NATO faces its contradictions

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A few days before the 70e summit of the North Atlantic Treaty Organization (NATO) which was held in London from December 3 to 4, 2019, Emmanuel Macron congratulated himself on having awakened the Atlantic Alliance. Although irritating many Allies, the French president's remarks had the merit of bringing strategic dissonances into the open and sparking a deeper debate on the merits of the Alliance. But in view of the strong words and obvious disagreements which punctuated the London summit, the adoption of a joint declaration affirming “solidarity, unity and cohesion” is difficult to convince.

La final statement has spared all susceptibilities: reaffirmation of NATO's nuclear mission, recognition of Space as an operational environment of the Alliance, denunciation of " aggressive actions » of Russia, condemnation of terrorism « in all its forms and in all its manifestations ", recourse to a council of wise people and experts to carry out a " forward thinking aimed at strengthening the political dimension of NATO ". A press release containing all the concerns therefore, under the cover of generalized unity, but has the Alliance managed to ward off its " brain death "?


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For more than twenty years it has been repeating without conviction, at each of its summits, that it is reforming and moving towards new missions and new strategic objectives. It is clear that disagreements are not new: the Kosovo campaign (1998–1999)then American intervention in Iraq (2003), were revealing of both the strategic and political divergences and the capability imbalances between the Allies. President Macron is certainly not the first to draw attention to NATO's failings, the only difference today being that the latter faces much deeper existential challenges than it lets on.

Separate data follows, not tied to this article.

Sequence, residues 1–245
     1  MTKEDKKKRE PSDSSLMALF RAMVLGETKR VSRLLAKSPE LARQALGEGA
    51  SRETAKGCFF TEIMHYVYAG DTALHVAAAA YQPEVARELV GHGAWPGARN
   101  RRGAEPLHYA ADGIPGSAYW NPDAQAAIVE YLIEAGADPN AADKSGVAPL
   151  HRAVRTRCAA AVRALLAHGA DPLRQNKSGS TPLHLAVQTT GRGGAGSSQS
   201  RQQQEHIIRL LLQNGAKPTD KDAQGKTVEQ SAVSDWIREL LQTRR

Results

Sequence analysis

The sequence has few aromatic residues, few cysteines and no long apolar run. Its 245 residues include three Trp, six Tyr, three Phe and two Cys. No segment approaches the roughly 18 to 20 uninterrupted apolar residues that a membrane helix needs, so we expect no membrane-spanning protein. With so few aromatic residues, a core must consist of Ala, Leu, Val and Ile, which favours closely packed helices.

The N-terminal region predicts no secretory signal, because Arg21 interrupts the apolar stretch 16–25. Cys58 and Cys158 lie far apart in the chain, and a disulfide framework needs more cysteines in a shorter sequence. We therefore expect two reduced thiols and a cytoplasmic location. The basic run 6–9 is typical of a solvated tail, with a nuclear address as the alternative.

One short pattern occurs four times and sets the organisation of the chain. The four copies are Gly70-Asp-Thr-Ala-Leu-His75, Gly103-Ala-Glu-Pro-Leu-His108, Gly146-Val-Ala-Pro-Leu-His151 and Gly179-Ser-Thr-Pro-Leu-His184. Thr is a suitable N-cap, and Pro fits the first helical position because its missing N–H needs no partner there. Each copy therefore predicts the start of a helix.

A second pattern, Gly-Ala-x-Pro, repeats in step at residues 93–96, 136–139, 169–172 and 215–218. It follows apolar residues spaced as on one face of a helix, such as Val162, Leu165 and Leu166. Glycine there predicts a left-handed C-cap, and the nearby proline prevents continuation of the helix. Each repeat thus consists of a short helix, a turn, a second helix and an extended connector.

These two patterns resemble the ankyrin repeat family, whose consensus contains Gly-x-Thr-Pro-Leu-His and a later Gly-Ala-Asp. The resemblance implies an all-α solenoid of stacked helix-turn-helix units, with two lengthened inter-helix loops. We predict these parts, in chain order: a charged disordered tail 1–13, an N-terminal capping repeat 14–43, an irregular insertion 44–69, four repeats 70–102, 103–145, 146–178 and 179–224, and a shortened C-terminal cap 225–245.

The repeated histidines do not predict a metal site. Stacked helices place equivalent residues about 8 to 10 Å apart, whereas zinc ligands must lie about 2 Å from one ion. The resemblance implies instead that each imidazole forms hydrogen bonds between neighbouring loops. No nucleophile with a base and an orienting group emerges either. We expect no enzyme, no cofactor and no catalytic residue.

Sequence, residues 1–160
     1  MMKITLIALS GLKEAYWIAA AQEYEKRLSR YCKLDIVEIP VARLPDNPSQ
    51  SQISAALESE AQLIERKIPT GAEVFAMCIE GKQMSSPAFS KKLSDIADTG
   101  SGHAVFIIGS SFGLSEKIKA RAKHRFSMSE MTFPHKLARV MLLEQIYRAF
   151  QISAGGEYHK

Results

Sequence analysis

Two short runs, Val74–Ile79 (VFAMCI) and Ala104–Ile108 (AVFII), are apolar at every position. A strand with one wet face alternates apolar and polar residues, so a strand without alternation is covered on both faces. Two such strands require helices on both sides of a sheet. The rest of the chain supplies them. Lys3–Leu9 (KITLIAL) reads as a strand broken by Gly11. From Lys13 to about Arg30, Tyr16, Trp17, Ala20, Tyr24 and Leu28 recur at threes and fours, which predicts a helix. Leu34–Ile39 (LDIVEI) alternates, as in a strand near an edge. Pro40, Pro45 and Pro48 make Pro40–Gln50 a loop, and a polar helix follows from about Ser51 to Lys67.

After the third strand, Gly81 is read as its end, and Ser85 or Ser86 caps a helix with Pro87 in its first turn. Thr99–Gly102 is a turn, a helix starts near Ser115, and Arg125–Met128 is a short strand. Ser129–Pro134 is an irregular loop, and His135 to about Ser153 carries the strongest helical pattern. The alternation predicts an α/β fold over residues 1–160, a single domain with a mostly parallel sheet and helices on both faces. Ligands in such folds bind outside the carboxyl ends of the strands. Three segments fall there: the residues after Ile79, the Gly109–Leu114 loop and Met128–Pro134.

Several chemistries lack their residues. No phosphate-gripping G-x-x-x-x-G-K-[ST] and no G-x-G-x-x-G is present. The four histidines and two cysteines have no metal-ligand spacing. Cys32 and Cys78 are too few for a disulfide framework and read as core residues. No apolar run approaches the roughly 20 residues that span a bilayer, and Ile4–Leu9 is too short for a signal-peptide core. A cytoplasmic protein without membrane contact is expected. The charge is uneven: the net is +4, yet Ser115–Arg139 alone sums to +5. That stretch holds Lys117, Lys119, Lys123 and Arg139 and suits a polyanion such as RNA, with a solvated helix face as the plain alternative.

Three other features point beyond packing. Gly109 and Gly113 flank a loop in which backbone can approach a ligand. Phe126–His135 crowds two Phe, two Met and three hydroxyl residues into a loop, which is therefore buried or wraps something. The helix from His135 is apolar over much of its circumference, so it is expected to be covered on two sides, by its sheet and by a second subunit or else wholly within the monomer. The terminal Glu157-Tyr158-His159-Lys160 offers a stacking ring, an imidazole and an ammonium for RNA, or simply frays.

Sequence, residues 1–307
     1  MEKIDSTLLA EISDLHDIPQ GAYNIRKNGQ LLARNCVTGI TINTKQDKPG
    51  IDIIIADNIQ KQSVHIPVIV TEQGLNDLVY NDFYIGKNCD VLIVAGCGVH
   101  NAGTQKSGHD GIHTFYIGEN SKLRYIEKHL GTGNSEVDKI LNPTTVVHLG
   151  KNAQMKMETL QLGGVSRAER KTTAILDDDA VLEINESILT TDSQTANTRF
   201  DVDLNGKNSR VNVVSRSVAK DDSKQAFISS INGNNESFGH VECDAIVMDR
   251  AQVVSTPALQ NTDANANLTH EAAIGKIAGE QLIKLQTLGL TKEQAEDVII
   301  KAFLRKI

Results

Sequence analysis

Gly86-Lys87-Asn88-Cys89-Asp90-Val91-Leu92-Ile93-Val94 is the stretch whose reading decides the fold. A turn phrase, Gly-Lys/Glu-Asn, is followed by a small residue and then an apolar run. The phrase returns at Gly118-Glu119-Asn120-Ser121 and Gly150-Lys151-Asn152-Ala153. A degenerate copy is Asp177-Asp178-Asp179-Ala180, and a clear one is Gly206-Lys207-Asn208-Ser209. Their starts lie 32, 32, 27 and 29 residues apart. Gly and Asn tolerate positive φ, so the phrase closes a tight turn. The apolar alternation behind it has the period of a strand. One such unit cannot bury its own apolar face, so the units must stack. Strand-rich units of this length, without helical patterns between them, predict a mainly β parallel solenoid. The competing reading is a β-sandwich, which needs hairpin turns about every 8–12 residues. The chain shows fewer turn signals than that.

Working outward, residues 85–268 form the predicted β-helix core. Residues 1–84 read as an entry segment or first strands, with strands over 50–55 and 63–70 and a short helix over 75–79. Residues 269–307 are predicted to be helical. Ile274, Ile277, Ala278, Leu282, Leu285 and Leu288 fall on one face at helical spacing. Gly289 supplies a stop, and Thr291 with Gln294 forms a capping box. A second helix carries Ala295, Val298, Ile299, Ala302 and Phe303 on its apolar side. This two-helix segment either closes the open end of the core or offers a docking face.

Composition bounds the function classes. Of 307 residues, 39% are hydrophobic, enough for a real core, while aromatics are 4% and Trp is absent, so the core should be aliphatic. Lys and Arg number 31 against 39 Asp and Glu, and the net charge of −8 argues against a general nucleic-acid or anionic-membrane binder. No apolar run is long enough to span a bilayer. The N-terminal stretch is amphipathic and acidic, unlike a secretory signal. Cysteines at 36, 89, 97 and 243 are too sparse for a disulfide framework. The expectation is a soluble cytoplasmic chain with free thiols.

Because according to general secretary Jens Stoltenberg, the organization is not in crisis. And yet, what should we think of the dysfunctional failings of its organization in the face of the Turkish offensive and Washington's about-face on the Syrian issue? What can we say about the European allies who confuse the Alliance with benevolent American protection? Or even threats from Washington against Europeans so that they invest more actively in their own defense but that this involvement is for the benefit of American industrialists? We must recognize that NATO can no longer operate on its own bases. The gradual American withdrawal of Western leadership is already established and even if the future tenant of the White House were of Democratic persuasion, the line initiated by Barack Obama and consolidated under Donald Trump would not experience any change. . However, many of our allies – if not all – refuse to mourn the Americans and in fact maintain a deep distrust of France, which they suspect of wanting to place the continent under its tutelage.